Tokyo-based company ispace is gearing up to make history with the kickoff of its lunar program, attempting to land the first commercial lunar lander this month and deliver government and privately-owned payloads to the surface of the Moon. Here’s what you need to know about the mission.
The Mission 1 lander (M1) is the inaugural mission to ispace’s lunar exploration program, Hakuto-R. The lunar lander is designed to provide a low-cost delivery service to the Moon, deploying payloads on the lunar surface. The M1 lander will also serve as a stationary probe for exploring the surface of the Moon.
The Japanese company is focused on lunar exploration and aims to become a “gateway for the private sector to bring their business to the Moon,” ispace wrote in a statement.
Its first mission is no easy feat. So far, no private company has successfully landed on the Moon. In 2019, Israel’s Beresheet lunar lander was the first attempt by a private company to land on the Moon. However, computer glitches and communication problems, among other issues, led it to crash onto the Moon’s surface. The United States, the Soviet Union, and China have managed to plop landers on the lunar surface, but those weren’t private missions.
The M1 lander was fully assembled in May and later underwent final testing to prove it was ready to endure the harsh environment of space at the IABG GmbH Space Centre in Ottobrunn, Germany.
In late October, the lander was packed up and flown to Cape Canaveral in Florida to prepare it for its liftoff. M1 will ride aboard a SpaceX Falcon 9 no earlier than November 22, ispace announced on Monday.
The company had previously announced a launch window between November 9 and 15, but the updated target launch “allows for best preparation for the mission,” ispace wrote in Monday’s statement.
For its trip to the Moon, the M1 lander will be carrying both government and commercial payloads.
The Japan Aerospace Exploration Agency (JAXA) will use M1 to deliver a tiny, two-wheeled transformable robot to the Moon. The Smart Lander for Investigating Moon (SLIM) is about the size of a baseball and is designed to test techniques for future missions to the Moon on a smaller scale.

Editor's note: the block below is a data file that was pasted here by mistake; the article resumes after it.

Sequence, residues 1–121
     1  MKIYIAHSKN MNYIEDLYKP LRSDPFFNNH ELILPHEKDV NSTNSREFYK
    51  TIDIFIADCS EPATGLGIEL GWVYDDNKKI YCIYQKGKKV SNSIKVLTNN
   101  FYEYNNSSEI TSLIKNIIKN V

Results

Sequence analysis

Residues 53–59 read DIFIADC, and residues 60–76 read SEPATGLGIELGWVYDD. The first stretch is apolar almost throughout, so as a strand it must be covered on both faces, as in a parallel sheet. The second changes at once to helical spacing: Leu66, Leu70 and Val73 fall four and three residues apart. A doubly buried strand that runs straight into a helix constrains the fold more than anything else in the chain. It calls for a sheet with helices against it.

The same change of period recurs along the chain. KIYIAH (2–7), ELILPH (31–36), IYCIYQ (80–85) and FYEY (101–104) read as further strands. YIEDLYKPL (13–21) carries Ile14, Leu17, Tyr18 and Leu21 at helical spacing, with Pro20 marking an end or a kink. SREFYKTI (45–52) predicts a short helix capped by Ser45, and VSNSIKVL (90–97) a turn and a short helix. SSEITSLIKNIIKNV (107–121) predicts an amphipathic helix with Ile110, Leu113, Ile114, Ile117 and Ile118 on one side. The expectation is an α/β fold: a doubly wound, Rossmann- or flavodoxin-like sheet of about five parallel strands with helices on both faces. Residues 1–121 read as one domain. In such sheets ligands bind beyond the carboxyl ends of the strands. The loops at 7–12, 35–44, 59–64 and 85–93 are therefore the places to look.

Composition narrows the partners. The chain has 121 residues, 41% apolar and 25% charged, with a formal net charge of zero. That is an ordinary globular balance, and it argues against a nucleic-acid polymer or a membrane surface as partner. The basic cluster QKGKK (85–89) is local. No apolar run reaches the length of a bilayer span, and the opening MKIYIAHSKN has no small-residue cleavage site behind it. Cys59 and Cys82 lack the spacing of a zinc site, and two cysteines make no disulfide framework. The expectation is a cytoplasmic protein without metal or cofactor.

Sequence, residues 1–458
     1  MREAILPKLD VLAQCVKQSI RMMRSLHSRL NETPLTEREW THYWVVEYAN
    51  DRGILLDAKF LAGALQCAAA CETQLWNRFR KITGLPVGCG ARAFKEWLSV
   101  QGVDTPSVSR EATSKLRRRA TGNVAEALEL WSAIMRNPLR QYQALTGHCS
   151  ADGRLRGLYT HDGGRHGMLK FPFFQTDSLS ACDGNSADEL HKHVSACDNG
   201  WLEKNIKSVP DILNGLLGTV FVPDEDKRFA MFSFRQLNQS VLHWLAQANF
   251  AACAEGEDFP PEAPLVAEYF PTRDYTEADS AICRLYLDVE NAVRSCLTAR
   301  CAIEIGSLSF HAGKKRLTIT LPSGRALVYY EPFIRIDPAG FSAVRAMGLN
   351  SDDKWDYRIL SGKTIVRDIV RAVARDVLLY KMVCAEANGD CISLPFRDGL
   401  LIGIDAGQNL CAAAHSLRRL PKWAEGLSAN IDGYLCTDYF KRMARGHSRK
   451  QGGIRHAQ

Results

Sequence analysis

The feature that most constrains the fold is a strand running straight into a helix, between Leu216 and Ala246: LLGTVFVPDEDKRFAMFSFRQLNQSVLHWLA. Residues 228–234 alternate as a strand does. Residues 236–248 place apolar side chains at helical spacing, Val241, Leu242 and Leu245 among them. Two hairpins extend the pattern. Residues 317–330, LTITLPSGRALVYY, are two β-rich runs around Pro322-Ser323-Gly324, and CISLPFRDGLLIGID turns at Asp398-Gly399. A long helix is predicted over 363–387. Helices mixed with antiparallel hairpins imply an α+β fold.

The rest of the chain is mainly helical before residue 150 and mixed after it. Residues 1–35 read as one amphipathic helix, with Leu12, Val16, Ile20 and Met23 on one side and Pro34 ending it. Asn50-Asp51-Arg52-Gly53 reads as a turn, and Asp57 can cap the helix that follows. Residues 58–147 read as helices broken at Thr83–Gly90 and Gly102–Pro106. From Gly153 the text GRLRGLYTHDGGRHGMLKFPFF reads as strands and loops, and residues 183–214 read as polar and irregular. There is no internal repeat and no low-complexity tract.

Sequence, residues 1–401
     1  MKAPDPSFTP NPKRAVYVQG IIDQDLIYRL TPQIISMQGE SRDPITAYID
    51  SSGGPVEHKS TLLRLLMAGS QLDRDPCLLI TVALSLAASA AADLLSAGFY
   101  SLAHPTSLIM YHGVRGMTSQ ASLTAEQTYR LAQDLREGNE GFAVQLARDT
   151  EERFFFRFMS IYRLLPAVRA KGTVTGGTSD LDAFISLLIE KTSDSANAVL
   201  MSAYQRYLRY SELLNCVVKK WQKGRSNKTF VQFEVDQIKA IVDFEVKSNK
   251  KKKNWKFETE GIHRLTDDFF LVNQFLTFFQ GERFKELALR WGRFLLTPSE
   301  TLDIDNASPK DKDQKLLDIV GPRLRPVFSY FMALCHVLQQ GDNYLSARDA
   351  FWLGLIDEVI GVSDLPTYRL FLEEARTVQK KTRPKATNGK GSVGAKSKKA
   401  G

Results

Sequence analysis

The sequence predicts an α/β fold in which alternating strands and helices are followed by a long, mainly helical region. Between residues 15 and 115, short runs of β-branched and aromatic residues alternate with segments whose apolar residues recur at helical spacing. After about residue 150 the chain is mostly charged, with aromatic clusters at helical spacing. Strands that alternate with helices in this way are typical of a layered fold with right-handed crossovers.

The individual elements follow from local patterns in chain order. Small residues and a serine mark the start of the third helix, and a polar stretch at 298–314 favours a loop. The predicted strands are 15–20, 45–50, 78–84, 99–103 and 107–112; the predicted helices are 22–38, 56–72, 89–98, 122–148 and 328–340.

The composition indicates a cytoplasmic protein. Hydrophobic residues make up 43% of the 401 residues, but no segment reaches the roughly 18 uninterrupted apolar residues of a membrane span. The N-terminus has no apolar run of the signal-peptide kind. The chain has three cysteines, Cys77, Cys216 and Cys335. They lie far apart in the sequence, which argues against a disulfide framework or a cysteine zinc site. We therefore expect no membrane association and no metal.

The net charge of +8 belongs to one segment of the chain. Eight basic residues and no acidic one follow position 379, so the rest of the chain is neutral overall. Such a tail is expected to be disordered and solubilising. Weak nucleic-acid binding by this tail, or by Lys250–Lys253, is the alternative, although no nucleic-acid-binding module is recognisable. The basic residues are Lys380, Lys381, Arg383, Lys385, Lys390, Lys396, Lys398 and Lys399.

M1 will also carry two commercial payloads from Canada. Canadensys Aerospace will provide a lunar camera, while Mission Control Space Services will provide an AI flight computer.
Another payload riding with the M1 lander will be the Emirati-built Rashid rover. The four-wheeled rover was developed by the Mohammed bin Rashid Space Centre, and designed to study the geology of the Moon, exploring lunar soil and dust.
ispace is hoping to stick the landing with its first mission, and carry on with the rest of its lunar exploration program. The company is already prepping for Mission 2, or M2, with plans to send a lunar rover to the Moon in two years.
Following M2, subsequent missions are aimed at increasing the number of landers and rovers going to the Moon for the purpose of transporting customer payloads. “Our landers will deploy swarms of rovers to the lunar surface to pioneer the discovery and development of lunar resources, enabling the steady development of lunar industry and human presence on the Moon,” ispace wrote on its website.
The inaugural mission of Japan’s private lunar exploration program envisions a new future for the Moon, one where Earth’s only natural satellite will be swarming with robots and humans alike, serving as humanity’s pitstop to deeper regions of space.